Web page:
In connection with the argument made in regards to the previous book, I actually think this book is more accessible to the science fiction virgin. Even if you think you don’t like SF, you should still give this book a try.
4. Ironweed – William Kennedy
Ironweed is the Pulitzer winning novel about Francis Phelan, a homeless drunk, once a talented baseball player, who is so haunted by his that he is crippled by it. To a lesser degree, it is also about his lover, who is equally trapped in her life as a drunk.
Francis man wanders around his hometown of Albany, returning after years away, as he comes to terms with whether or not he will finally face his (literal) ghosts and try to live again.
As the Pulitzer suggests, this book is beautifully written, wonderful prose that adds to the wrestling heartbreak and hope on Ironweed’s pages. The characters are never lionized or demonized, Francis feels like a real person, unable to forgive himself for his past mistakes, unable to reconcile his current state to the giant he once believed himself to be. Yet, as he is forgiven by others, the reader hopes he might come to see himself in a new light, neither giant nor monster, but simply a man.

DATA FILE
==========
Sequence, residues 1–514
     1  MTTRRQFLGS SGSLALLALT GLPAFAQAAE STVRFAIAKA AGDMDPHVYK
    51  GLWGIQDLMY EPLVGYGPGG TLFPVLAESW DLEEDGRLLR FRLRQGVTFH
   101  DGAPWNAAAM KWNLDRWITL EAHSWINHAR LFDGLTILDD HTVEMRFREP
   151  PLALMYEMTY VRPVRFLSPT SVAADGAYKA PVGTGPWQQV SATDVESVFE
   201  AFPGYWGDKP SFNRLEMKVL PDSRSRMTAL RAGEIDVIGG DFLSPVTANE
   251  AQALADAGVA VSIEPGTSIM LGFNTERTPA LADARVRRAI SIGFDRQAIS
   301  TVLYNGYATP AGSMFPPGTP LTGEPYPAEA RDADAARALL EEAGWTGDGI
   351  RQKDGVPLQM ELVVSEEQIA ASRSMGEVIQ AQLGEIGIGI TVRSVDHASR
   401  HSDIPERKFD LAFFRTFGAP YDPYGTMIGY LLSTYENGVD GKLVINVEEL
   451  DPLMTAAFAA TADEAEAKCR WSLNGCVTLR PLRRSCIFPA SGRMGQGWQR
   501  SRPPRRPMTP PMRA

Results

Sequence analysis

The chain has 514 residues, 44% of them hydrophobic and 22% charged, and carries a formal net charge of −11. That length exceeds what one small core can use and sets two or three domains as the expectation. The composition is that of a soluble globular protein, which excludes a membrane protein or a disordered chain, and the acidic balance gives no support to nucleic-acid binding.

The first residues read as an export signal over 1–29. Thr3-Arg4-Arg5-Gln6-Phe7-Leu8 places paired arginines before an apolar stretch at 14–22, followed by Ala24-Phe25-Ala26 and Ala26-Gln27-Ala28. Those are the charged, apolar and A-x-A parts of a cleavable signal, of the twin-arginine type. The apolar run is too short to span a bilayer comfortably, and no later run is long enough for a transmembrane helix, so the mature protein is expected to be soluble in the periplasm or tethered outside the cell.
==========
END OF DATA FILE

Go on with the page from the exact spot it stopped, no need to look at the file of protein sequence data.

I look forward to eventually reading the rest of Kennedy’s novels, some about other members of the Phelan clan, and almost all part of his Albany Cycle.
5. The Ocean at the End of the Lane – Neil Gaiman
Such a surprise that the newest book by my favorite author would show up on this list (it’s also not the last time he shows up either).
As said in this review of the book, those of us who love Gaiman love his voice just as much as we love whatever he says with it. I love the things Gaiman writes about, but I also genuinely love the way he writes about them.